Greg looked out the window from his hospital bed at the birds in flight. Their black silhouettes swayed across the cotton candy sunrise. The subtle beeping of the monitor came in and out of his awareness; however, the persistent whispering from his mother failed to fade. He peered at her through slitted eyelids.
Her eyes were closed tight with her brand-new, rosewood rosary close to her lips as she recited her prayer. “Hail Mary, full of grace…” Greg thought she looked like a cartoon with her exaggerated wrinkles forming on her forehead and cheeks. “…full of grace…” She never knew the full prayer, but she was convinced it was a cure-all to anything that ailed her. The snake oil had been sold, sealed and delivered.
“Mother, just stop.”
She lowered her hands before opening her eyes. She looked like he had scolded her. “Just because you don’t believe in the power of the Lord, doesn’t mean it doesn’t work.”
Greg turned his gaze back out the window. Her tense whispering came back as he closed his eyes.
“Good morning, Mr. Abbot. How are you feeling this morning?” Greg turned to meet Dr. Bartlett’s masked face. His voice overruled the senseless babbling of his mother as he walked proudly though the door. It was as if he didn’t remember Greg was dying a slow and mysterious death. Who was he to stride in here without a care in the world?
“Oh, I feel great, sweetie. When are you finally going to let me go?” Greg could hear the lack of energy in his voice. He wasn’t going anywhere.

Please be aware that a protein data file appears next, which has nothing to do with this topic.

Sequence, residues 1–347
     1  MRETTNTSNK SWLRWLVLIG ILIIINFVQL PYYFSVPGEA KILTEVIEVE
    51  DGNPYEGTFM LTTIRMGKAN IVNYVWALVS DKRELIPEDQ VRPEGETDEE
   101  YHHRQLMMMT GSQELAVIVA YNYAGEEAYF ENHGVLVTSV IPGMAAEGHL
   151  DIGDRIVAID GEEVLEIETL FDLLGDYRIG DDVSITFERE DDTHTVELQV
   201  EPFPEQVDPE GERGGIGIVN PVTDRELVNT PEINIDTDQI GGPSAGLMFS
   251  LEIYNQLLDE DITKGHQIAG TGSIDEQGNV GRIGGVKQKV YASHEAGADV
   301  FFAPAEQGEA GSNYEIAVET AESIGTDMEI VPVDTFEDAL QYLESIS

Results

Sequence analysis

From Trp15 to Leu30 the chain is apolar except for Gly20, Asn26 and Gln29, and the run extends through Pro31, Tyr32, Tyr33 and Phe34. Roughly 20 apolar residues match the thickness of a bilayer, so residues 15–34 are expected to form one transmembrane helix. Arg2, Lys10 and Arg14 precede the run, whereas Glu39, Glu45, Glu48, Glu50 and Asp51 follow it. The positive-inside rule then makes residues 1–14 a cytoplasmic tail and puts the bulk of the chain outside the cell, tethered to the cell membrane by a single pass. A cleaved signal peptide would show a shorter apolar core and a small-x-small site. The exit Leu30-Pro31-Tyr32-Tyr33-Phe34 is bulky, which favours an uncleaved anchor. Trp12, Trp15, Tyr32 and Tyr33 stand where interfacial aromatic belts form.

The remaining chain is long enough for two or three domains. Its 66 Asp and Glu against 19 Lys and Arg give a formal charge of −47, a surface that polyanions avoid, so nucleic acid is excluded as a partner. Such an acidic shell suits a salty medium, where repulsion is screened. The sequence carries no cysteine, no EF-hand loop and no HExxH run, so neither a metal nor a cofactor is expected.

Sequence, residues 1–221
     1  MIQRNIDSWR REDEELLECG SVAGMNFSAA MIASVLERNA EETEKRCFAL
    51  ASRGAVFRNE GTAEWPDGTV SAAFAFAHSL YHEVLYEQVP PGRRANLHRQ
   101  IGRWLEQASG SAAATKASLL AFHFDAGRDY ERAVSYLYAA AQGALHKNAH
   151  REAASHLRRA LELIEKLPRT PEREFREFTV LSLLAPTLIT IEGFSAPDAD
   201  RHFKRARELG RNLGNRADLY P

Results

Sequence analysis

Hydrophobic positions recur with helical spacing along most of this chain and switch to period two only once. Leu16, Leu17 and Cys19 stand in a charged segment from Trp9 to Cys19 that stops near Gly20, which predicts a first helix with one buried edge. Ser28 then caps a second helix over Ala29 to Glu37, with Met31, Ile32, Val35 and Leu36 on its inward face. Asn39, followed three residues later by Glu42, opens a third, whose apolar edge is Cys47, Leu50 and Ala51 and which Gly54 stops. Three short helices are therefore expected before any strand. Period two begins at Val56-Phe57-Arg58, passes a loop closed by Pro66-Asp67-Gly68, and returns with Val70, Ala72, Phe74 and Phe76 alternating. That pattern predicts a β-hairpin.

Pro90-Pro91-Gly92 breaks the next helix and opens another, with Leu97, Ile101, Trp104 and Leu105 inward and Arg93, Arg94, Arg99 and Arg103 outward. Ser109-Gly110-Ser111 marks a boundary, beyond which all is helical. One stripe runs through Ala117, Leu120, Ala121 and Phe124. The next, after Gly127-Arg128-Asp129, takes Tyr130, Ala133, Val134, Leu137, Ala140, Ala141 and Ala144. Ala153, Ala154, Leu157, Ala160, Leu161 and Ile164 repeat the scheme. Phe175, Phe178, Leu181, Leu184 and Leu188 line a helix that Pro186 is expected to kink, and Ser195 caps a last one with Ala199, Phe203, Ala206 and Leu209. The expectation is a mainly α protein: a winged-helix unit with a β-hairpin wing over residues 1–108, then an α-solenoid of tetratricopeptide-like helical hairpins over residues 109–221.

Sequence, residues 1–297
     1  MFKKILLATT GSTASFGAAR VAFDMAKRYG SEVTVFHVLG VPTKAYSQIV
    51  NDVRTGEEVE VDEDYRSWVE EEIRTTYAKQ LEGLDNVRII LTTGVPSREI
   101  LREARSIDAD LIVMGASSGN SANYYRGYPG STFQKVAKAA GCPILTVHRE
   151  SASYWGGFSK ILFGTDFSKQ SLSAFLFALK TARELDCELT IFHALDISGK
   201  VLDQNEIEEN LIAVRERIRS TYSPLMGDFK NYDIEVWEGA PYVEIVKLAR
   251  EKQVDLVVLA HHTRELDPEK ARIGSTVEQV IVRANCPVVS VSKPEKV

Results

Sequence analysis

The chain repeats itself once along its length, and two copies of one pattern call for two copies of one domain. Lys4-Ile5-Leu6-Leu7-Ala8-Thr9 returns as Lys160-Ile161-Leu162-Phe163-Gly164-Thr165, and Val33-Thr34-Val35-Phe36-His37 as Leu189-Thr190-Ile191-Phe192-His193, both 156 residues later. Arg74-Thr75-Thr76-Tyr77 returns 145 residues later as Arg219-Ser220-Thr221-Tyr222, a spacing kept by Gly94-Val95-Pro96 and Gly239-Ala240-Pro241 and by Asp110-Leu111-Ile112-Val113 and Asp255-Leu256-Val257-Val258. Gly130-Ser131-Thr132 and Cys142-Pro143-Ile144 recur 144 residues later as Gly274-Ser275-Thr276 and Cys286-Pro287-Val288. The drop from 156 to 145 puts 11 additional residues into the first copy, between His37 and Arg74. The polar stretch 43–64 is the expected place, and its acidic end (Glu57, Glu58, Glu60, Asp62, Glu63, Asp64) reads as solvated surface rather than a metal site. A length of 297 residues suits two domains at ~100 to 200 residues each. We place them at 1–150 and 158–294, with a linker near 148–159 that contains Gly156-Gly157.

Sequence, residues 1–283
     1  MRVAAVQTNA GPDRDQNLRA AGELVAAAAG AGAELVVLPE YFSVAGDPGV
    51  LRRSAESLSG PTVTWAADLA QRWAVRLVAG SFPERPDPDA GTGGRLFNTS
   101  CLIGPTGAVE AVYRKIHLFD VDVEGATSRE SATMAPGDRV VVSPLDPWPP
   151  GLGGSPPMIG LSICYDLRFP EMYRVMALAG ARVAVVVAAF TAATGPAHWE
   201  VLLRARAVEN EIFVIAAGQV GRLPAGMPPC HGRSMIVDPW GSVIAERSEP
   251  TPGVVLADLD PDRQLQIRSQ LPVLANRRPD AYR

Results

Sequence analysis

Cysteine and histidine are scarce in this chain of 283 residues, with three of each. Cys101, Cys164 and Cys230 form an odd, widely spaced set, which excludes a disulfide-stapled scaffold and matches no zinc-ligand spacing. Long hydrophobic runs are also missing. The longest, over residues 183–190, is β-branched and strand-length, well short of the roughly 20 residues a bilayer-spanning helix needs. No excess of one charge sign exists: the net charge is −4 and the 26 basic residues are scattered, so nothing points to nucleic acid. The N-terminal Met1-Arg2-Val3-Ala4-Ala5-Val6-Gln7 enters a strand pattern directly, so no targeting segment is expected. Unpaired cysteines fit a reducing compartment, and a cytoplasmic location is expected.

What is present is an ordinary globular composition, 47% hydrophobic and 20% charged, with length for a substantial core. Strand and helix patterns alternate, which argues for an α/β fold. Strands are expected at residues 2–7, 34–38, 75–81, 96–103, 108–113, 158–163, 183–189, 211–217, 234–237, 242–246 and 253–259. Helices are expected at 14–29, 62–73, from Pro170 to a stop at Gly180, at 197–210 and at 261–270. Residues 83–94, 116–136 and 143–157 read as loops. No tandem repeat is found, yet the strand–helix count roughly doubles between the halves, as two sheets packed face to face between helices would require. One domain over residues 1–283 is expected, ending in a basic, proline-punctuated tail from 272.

The doctor held out his clipboard and reviewed his notes before putting it down and looking straight at Greg. His face mask only exposed his eyes and they were troubled. Doctors never look you in the eye unless they have something unsettling to say.
“Doc, please. After six months, you can call me Greg, seriously—last time I’m telling you.”
The doctor nodded and sat in the chair next to him. The plastic quarantine bubble the hospital encased him in kept a safe and clinical distance between doctor and patient. It felt so impersonal and shallow. “Greg, you have to prepare for the worst. We still have no idea how to treat this…virus.” The pause in Dr. Bartlett’s speech was like a punch in the gut.
The incessant babbling from his mother grew louder as if she could heal her son with words.
“No offense, hon, but I’ve been prepared for the worst since I first saw my death in your eyes.”
“Well, I am glad you are prepared, but by the look of your latest labs, it could be any day now. Are your affairs in order?”
“My mother has all the paperwork and necessary things to do after I die.”
“That’s great to hear.”
“We may need to define your version of ‘great.’”
The doctor nodded his head. AIDs was just as baffling to these people as what enjoyment a man can have with another man. Shame, too. They don’t know what they are missing.
“We can give you something for the pain, Greg, but that’s about all we can do.”
“Say, has doctor-assisted suicide taken off yet? Or are we still in ancient times?”
“Gregory! Don’t you dare say such a thing. The Lord does not take kindly to those who take their own life.”
“Mother. Stay out of it.” Greg turned back to the doctor. “What do you say? You know you want to break the rules. You’ll be doing both of us a favor.”
“Greg, I can’t do that. You know it, and I know it. The best thing we can do is ease the suffering you’re going through.”
“Well, if that’s your best, then drug me up, honey. I’m ready to see Jesus and his Technicolor dream coat. Right, Mom?”
His mother immediately lowered her head to her prayer beads and continued her false prayers.
As Dr. Bartlett walked toward the door, Greg called out, “Doc, do you believe in a higher power?”